Reverse 1031 Exchange
What is a Reverse 1031 Exchange?
A “reverse” exchange occurs when the taxpayer acquires the replacement property before transferring the relinquished property. A “pure” reverse exchange, where the taxpayer owns both the relinquished and replacement properties at the same time, is not permitted. The IRS has provided guidance on structuring a reverse exchange, offering a safe harbor under Rev. Proc. 2000-37. An Exchange Accommodation Titleholder (EAT), acquires and holds the target property (the parked property) in a separate special purpose entity, typically a single member LLC (the EAT and LLC are jointly referred to as “EAT”). To complete a reverse exchange, the EAT will take title to either the Relinquished Property or the Replacement Property under a “Qualified Exchange Accommodation Arrangement” (QEAA).
Reverse 1031 Exchange Time Periods
The same 45 day Identification Period and 180 day Exchange Period deadlines of IRC §1031 apply to a safe harbor reverse exchange under Rev. Proc. 2000-37, with a slight tweak. If the EAT has begun the exchange by acquiring the Replacement Property, then the Exchanger must identify within 45 days after the EAT’s acquisition of the parked property, one or more Relinquished Properties to be exchanged for the Replacement Property. The identification rules require that written identification be delivered to another party to the exchange, such as the EAT or the Qualified Intermediary, identification permitted under the three property or 200% rules.. The identified Relinquished Property must be sold, and the parked Replacement Property transferred to the Exchanger to complete the exchange within 180 days of parking the Replacement Property with the EAT.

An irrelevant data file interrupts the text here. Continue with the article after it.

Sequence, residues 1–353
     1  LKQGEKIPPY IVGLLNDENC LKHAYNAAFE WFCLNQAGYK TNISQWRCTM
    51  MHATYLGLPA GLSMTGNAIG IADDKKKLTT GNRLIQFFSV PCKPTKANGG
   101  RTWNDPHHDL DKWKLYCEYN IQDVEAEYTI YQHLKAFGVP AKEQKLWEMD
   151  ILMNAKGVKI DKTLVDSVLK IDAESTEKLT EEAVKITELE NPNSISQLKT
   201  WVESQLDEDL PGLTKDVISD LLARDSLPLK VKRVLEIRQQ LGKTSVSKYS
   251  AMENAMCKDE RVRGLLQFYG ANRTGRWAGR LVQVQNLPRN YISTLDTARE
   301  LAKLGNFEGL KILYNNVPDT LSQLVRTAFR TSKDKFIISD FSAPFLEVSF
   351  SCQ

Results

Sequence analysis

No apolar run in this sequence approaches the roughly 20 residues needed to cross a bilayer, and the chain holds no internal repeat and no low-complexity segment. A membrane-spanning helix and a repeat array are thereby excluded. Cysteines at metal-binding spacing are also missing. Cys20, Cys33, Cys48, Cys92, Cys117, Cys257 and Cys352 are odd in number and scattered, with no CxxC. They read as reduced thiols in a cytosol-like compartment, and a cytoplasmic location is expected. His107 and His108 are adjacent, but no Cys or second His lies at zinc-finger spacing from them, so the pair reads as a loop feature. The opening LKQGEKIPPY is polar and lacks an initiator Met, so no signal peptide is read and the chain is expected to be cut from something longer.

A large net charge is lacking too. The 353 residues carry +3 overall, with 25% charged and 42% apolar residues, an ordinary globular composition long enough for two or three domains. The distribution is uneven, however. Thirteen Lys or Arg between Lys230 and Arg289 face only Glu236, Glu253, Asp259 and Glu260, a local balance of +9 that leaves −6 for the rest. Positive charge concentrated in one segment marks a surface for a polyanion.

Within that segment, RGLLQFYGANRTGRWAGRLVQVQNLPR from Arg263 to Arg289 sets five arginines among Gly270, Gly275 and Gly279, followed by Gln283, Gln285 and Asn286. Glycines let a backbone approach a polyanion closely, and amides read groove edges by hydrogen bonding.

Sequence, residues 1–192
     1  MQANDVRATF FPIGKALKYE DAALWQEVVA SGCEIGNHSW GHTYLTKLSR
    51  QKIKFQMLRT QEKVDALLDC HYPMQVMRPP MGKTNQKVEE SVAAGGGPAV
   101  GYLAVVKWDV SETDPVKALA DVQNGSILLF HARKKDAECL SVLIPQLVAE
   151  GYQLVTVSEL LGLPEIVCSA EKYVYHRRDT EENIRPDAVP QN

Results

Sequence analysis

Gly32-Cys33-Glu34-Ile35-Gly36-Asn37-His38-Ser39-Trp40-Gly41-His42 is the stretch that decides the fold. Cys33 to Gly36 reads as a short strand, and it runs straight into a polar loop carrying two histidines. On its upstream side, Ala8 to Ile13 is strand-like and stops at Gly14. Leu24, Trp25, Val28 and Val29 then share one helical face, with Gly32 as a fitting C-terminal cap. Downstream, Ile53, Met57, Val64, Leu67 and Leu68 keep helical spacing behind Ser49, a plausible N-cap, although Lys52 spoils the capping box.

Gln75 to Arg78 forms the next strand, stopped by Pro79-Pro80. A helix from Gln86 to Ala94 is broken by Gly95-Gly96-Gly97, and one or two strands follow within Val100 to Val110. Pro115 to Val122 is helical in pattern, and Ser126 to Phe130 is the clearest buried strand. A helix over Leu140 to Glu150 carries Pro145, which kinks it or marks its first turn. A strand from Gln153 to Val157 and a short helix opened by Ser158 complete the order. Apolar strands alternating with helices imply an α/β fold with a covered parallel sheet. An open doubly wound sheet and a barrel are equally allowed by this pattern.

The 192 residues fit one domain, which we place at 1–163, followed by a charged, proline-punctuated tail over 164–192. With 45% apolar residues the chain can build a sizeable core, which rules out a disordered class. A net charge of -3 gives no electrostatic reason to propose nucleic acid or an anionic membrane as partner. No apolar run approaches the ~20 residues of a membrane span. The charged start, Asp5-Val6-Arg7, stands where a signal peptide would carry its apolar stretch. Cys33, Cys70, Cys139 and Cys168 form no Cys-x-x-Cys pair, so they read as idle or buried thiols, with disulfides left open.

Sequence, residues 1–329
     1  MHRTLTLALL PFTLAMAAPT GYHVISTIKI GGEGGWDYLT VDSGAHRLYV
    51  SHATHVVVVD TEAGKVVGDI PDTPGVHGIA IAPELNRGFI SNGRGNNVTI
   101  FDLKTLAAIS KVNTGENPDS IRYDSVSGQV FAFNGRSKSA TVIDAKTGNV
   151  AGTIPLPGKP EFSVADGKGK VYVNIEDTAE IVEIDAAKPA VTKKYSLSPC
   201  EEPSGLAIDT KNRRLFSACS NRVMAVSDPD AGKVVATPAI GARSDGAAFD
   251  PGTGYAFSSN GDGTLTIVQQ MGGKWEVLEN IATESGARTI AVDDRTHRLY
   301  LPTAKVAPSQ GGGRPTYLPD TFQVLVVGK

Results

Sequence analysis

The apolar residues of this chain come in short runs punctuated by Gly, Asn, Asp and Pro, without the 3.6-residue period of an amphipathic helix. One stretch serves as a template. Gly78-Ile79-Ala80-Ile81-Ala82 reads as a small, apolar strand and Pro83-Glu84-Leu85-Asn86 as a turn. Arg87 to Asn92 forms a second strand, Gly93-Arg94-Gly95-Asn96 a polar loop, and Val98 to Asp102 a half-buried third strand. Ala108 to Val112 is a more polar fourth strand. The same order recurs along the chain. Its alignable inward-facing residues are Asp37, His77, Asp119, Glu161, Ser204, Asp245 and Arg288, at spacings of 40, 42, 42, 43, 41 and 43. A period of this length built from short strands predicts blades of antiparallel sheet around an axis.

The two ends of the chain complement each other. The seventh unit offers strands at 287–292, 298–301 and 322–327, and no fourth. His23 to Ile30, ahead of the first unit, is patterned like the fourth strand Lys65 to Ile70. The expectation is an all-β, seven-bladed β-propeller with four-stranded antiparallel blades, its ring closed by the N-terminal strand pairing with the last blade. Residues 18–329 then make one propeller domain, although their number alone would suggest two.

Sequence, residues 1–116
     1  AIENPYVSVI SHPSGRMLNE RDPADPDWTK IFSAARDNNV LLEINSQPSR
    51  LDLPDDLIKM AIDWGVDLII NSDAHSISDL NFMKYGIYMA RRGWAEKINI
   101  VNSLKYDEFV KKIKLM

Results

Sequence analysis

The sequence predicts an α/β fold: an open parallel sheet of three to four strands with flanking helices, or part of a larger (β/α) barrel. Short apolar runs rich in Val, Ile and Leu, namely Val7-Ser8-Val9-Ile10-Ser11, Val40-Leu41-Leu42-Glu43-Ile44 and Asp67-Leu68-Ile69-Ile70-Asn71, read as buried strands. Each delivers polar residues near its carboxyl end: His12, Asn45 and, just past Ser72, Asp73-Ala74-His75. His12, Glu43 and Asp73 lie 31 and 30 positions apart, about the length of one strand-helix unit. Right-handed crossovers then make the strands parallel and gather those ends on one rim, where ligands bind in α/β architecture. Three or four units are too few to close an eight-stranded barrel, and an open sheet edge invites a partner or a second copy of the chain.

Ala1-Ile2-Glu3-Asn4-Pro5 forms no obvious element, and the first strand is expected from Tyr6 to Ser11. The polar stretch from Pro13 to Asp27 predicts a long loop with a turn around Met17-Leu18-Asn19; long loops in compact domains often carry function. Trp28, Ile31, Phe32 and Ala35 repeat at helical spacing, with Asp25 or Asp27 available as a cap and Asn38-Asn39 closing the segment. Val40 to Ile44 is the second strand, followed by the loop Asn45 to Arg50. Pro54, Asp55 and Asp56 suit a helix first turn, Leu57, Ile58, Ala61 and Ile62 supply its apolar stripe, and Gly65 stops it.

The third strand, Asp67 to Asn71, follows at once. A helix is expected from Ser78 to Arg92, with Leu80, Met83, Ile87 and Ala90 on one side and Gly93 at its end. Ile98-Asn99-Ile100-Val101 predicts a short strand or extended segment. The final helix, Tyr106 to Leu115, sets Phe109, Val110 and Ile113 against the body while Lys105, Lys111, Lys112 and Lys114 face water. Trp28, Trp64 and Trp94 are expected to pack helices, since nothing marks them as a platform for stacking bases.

Important Timing Considerations
The time deadlines for reverse like-kind exchanges, as outlined in Revenue Procedure 2000-37, parallel the deferred exchange time deadlines of IRC §1031. Failure to meet the 45 day and 180 day time deadlines does not disqualify the transaction, but the Exchanger will not enjoy the benefit of the presumptions available under the safe harbor.
- Day 45 Deadline: On or before midnight on the 45th day after the EAT acquires the parked property, the Exchanger must unambiguously identify, in writing, the potential relinquished properties for the exchange.
- Day 180 Deadline: On or before the 180th day after the EAT acquired the parked property, the EAT must transfer either a parked replacement property to the Exchanger, or a parked relinquished property to a third party buyer.
It is important to remember that the 180 day parking period outlined in Revenue Procedure 2000-37 and the 180 day exchange period of IRC §1031 work independently of one another. The Exchanger must satisfy the requirements of both to to ensure compliance with the IRS requirements.
Like Kind Property in a Reverse Exchange